Office: Hoyle H29
Office Tel: (01223) 766645
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I study the formation and evolution of planetary systems, both massive planetary bodies and belts of small material, working primarily with Dr Mark Wyatt.
At the moment I am particularly working on the era of giant impacts thought to be the final stage of terrestrial planet formation, in which planetary embryos 2000-3000 km in size undergo mutual collisions eventually forming Earth-sized planets. Giant impacts have been used to explain a number of the features of the terrestrial planets in our own solar system; how Earth came to have such a large moon, why the Martian Northern hemisphere is depressed relative to the Southern hemisphere (Martian hemispheric dichotomy) and why Mercury is so dense.
Much recent work has shown that although giant impacts are expected to be common in the late stages of terrestrial planet formation they are not very efficient. Often the two bodies have a grazing encounter, and get slightly disrupted, but otherwise continue on their separate ways afterwards (called 'hit-and-run' encounters). All giant impacts will produce significant amounts of dust and debris regardless of what happens to the large bodies so if many giant impacts are hit-and-runs more impacts are needed before big terrestrial planets can be formed and the total amount of debris produced during the planet forming process increases. This debris forms disks around the host star that are generally much easier to detect than the forming terrestrial planets meaning a better way of looking for terrestrial planet formation might be to look for dust. Comparisons between hot dust found by infrared surveys and planets found by experiments such as the Kepler mission then provide an important test for theories of terrestrial planet formation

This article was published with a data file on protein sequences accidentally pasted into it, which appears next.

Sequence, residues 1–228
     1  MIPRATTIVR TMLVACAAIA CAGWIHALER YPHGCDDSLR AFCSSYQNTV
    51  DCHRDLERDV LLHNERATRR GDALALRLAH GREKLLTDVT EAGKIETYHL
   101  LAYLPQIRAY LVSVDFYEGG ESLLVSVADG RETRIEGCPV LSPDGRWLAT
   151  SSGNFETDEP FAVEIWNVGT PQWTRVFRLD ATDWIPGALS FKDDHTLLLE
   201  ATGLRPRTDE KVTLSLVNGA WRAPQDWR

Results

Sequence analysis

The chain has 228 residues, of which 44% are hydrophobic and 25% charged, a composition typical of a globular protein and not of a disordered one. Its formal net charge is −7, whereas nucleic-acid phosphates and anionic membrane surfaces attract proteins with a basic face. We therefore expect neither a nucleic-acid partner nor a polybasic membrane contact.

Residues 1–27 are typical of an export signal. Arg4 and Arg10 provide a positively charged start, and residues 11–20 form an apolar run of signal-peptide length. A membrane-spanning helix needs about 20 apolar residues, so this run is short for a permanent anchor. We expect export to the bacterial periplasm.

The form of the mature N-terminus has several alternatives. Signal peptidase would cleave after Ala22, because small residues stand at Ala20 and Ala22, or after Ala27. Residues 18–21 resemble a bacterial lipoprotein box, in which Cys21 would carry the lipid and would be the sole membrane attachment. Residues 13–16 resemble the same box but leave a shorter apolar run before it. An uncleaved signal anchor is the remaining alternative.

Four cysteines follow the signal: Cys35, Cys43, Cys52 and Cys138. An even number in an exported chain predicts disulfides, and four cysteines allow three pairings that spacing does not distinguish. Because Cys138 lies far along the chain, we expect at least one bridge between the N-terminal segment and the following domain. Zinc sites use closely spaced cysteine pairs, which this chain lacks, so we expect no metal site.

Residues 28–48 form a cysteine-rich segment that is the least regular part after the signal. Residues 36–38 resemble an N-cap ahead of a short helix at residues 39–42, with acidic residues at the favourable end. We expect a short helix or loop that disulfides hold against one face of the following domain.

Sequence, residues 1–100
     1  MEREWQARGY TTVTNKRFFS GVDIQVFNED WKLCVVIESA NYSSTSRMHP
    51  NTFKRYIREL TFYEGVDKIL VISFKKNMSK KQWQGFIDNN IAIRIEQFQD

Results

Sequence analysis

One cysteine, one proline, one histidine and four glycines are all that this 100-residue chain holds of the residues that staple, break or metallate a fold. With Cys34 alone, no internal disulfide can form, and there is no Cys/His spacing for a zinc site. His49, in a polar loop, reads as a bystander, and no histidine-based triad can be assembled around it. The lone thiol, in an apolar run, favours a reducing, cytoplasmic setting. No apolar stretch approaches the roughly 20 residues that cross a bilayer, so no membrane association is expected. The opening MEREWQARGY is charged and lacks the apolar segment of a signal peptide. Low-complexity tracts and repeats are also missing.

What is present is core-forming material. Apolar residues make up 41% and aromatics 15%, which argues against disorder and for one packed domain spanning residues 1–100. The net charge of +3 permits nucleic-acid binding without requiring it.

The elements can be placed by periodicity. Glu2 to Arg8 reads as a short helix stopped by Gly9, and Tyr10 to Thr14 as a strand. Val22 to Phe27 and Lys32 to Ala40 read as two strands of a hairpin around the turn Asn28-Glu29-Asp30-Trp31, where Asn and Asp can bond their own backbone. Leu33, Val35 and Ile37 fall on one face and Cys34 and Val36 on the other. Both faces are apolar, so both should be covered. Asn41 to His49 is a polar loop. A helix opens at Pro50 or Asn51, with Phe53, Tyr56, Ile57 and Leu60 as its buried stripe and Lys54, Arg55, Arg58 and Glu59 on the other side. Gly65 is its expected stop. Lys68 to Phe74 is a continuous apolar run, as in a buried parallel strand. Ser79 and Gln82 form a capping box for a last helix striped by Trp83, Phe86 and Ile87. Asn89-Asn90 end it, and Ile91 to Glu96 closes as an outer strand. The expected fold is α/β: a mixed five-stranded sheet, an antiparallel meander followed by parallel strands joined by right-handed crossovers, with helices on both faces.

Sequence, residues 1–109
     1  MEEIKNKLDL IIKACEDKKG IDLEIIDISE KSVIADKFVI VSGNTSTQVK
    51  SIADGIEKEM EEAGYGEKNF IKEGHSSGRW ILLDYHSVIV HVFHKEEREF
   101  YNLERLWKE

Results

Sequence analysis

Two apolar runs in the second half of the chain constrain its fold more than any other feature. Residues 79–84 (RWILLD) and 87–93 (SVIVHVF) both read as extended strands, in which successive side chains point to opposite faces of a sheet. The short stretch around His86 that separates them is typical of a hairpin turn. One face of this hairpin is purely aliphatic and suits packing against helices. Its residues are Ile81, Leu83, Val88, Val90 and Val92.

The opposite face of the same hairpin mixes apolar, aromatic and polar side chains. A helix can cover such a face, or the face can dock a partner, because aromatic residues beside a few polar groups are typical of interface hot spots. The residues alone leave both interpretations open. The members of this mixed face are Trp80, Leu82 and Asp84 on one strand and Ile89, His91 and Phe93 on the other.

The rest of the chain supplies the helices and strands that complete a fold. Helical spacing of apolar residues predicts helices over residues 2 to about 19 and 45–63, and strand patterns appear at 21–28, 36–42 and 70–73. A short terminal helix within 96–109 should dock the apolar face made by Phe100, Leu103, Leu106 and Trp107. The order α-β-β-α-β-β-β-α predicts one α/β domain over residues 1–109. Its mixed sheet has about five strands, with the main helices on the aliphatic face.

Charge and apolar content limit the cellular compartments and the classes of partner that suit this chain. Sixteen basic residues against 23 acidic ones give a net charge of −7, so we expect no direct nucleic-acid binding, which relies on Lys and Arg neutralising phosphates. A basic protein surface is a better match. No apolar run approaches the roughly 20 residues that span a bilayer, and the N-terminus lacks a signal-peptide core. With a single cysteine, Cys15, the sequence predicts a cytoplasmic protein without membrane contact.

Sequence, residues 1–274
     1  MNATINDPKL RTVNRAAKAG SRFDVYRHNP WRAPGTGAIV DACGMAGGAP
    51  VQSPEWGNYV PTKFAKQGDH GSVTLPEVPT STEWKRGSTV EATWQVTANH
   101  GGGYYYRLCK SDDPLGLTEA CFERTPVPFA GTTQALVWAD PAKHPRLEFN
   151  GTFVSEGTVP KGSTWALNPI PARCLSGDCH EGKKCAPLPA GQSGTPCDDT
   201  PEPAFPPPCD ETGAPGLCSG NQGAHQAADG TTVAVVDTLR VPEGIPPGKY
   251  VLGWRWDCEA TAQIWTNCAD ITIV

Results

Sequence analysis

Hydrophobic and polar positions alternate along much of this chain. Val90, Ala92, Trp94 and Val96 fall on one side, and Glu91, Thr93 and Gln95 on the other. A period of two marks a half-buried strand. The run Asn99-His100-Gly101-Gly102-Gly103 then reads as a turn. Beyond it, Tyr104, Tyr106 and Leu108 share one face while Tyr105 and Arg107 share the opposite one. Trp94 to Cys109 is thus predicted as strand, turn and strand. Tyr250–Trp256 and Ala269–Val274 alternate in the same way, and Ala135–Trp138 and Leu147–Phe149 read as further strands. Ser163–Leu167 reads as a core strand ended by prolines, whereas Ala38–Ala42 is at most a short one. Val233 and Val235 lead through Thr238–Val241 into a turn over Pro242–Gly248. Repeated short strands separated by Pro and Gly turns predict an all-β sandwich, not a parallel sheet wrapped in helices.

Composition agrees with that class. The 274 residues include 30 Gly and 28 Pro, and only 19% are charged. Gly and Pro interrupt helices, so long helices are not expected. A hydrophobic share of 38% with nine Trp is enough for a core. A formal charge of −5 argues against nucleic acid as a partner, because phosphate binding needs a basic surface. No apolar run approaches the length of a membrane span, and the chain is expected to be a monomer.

I have also worked on the evaporation of very close orbiting gas giants by X-ray emissions from their host star. Young sun-like stars rotate more rapidly, have stronger magnetic fields and more active coronae that have much stronger X-ray emission. X-rays are strongly absorbed in the upper atmosphere and strong X-ray irradiation can heat the upper atmosphere so much that it simply boils away. For a giant planet close enough to its host star this can lead to a large fraction of the envelope being stripped off.
2010 - present: PhD student, Institute of Astronomy, Cambridge University
2010 - MPhys (Hons) Oxford University